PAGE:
Pope Pius IX Steven Spielberg movie on Jewish Boy

popCatholic League
POPE PIUS IX By Robert P. Lockwood
Pope Pius IX  Steven Spielberg movie on Jewish Boy

Pope Pius IX life was deleted so that you can read about the story of a young Jewish boy taken from the home of his parents during the papacy of Pius IX to be raised as a Catholic. I added the Spielberg commentary since he’s doing a movie on this.

Steven Spielberg movie to examine notorious Catholic kidnapping of Jewish boy based on David Kertzer’s, “The Kidnapping of Edgardo Mortara” published in 1997.
In recent years, no event more surprised Catholics than the story of a young Jewish boy taken from the home of his parents during the papacy of Pius IX to be raised as a Catholic. Though it caused an international furor in its time, the story had been generally forgotten until resurrected in David Kertzer’s, “The Kidnapping of Edgardo Mortara” published in 1997.

Kertzer makes the argument that the Mortara affair was a sign of the roots of racial anti-Semitism that would emerge in Italian Fascism, and as such the Church played a role in establishing the framework for the Italian racial laws of 1938. This misunderstands the motivations involved in the Mortara affair at the time, and forgets that it was the Church that protested vehemently the 1938 laws and was the single greatest protector of Italian Jews during the war years.

In June 1858, Bologna was still part of the Papal States and the Mortara family had settled there. Edgardo, age six, was one of eight children of Marianna and Momolo Mortara. The Mortaras had employed a Christian servant to help in raising the children. It had come to the light of Church authorities in Bologna, specifically the Dominican head of the local Inquisition, that the servant girl had baptized young Edgardo as an infant when she thought he was in danger of dying. (This was one of the very clear reasons why Christians were not supposed to be employed in Jewish households. It was against the law for Jews to be baptized without consent and fear of just such cases was at the heart of the legislation.)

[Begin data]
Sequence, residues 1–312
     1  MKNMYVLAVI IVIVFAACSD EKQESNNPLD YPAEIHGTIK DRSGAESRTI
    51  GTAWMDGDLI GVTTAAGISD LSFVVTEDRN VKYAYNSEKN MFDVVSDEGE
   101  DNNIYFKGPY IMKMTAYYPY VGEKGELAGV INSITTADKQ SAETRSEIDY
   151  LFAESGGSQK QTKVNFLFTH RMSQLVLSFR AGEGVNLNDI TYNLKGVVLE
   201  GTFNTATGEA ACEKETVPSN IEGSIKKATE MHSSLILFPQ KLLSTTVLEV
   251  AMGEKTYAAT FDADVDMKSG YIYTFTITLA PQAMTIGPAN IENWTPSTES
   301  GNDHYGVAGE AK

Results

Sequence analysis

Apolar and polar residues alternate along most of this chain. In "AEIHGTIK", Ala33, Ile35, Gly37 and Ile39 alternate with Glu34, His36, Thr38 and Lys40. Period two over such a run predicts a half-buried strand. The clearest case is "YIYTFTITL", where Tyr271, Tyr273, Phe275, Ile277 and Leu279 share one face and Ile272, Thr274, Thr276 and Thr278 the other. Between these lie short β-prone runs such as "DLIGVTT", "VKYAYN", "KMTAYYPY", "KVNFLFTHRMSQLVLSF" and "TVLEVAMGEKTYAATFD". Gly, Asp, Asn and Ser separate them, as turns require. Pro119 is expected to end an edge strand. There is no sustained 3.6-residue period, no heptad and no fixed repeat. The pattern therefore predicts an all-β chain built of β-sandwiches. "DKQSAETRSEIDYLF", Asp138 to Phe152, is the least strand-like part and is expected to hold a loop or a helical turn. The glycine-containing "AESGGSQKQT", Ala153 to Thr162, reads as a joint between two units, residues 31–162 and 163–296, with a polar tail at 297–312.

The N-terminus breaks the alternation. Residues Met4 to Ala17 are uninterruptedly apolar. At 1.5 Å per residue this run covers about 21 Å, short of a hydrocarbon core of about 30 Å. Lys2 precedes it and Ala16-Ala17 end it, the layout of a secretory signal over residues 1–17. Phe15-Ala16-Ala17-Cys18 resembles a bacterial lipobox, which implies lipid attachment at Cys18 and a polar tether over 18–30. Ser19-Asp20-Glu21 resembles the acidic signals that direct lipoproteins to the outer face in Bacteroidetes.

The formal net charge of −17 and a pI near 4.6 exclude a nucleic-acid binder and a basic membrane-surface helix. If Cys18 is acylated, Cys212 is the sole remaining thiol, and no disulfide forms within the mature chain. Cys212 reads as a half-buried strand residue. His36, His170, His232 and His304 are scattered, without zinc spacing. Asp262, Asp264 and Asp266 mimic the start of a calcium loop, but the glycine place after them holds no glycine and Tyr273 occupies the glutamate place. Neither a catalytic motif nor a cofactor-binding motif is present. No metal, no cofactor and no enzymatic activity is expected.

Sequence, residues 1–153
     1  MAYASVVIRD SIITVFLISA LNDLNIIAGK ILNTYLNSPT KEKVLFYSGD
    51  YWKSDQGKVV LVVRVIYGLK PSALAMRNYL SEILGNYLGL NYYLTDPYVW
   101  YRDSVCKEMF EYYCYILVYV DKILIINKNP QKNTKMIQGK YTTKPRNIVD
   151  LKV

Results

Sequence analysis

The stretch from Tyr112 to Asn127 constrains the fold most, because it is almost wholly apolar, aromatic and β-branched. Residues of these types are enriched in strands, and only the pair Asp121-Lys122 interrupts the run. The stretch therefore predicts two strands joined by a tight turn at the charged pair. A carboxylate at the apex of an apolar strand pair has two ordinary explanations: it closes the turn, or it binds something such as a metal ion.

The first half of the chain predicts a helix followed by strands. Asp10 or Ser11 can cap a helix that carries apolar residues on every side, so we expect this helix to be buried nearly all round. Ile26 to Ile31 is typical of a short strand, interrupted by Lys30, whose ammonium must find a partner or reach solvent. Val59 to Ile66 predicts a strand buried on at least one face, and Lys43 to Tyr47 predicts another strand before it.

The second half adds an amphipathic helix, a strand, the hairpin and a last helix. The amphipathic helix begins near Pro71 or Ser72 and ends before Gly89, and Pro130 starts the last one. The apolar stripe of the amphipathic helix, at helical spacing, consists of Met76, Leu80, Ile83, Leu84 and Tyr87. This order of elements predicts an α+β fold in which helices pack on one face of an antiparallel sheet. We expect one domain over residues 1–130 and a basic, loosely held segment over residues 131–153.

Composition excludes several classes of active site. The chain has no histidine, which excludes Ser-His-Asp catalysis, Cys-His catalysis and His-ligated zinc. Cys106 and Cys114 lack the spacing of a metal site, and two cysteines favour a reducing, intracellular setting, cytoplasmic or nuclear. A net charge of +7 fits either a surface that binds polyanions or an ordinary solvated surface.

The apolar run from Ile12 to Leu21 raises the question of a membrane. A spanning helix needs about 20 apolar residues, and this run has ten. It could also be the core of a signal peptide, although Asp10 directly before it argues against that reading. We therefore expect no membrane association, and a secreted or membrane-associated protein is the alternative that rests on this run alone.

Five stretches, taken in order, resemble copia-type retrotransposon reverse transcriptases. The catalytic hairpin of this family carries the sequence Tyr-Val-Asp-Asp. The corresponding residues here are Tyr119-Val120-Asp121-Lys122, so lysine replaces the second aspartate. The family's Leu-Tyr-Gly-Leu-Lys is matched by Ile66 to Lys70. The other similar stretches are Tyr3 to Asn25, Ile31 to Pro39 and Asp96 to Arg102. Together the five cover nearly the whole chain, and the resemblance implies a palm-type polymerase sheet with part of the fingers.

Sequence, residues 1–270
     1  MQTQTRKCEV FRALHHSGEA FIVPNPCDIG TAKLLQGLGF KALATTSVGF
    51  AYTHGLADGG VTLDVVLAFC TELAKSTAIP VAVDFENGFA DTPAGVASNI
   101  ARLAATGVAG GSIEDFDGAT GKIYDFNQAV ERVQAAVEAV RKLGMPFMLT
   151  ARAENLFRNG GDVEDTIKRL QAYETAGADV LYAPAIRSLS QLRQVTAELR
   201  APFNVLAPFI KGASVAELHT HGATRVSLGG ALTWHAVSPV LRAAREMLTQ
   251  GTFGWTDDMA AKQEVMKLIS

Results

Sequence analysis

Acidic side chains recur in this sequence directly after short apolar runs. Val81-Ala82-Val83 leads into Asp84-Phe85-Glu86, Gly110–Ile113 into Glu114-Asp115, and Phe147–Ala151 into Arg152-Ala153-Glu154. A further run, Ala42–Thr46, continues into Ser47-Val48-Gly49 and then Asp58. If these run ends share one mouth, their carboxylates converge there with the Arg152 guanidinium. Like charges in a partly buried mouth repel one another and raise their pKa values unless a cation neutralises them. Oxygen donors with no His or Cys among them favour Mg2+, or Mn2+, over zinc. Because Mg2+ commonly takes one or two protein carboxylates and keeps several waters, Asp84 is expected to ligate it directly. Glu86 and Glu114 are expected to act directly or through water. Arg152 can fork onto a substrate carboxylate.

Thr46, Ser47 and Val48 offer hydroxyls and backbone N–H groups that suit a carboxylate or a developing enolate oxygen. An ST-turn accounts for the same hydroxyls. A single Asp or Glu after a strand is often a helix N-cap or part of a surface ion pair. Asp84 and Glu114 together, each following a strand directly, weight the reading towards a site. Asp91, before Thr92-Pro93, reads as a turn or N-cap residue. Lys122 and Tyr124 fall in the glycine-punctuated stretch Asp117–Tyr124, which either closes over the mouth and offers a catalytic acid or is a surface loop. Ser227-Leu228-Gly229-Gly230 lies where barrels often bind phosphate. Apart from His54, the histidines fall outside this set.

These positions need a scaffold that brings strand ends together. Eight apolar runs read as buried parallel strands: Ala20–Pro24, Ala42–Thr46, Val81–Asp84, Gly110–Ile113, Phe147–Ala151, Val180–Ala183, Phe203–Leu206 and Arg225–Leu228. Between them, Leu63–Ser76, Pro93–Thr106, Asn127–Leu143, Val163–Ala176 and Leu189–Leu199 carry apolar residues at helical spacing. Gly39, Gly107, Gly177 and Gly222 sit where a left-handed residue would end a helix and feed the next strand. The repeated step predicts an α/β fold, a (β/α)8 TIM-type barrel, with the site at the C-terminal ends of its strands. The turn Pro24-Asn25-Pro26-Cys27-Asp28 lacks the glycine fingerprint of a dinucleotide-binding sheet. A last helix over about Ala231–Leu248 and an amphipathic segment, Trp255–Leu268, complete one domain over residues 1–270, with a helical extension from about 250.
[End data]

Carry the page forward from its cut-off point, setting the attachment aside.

The law in the matter was clear: a baptized Christian could not be raised in a Jewish home. To do so at that time would be seen as being a party to apostasy, a denial of the validity of Baptism, and endanger the soul of the baptized. Edgardo was taken from his parent’s home and transported to Rome, where he would be raised a Catholic.

The difficulty for the Church, and Pius as he became aware of the affair, was that it was left with little choice at the time. It was simply considered impossible for a baptized child to remain in a home where he would not be raised Christian. Such experiences were commonplace even decades later in America. As late as the early 20th century, it was common for Irish Catholic children to be plucked off the streets of New York and transported to the West to be raised by solid Protestant families.

Edgardo would eventually study for the priesthood and be ordained. He remained a monk and died in 1940 at the age of 88 at a Belgian abbey where he lived and studied for many years.

The Mortara affair supplied the enemies of Pius IX with a strong propaganda weapon at a point when the Papal States were about to collapse. The extent of the vitriol aimed at Pius was enormous and worldwide. Adopting the anti-Catholic rhetoric of the Know Nothings, Jewish groups in the United States saw it as a Jesuit-inspired conspiracy of “soul-less lackeys,” compared Pius to the “Prince of Darkness” and reminded their Protestant audience of the “history of these incarnate fiends, written in the blood of millions of victims.”

Was Pius XI’s refusal to return Edgardo Mortara an act of pure anti-Semitism? In the context of the times, it clearly was not. This did not involve racial prejudice. The Church in Rome had a long history of defending Jewish converts to the faith and accepting them completely after such a conversion, as was done in the case of Edgardo Mortara. In his actions, Pius reflected both the generally accepted norms of the time concerning families of mixed religion.

During the long pontificate of Pius IX, the Church was transformed in every aspect of its life. Religious orders experienced a growth unimaginable a generation earlier. In 1815, the Church as an institution in continental Europe had nearly been destroyed. When Pius IX died on February 7, 1878, after a 32-year reign, the Church had been reborn.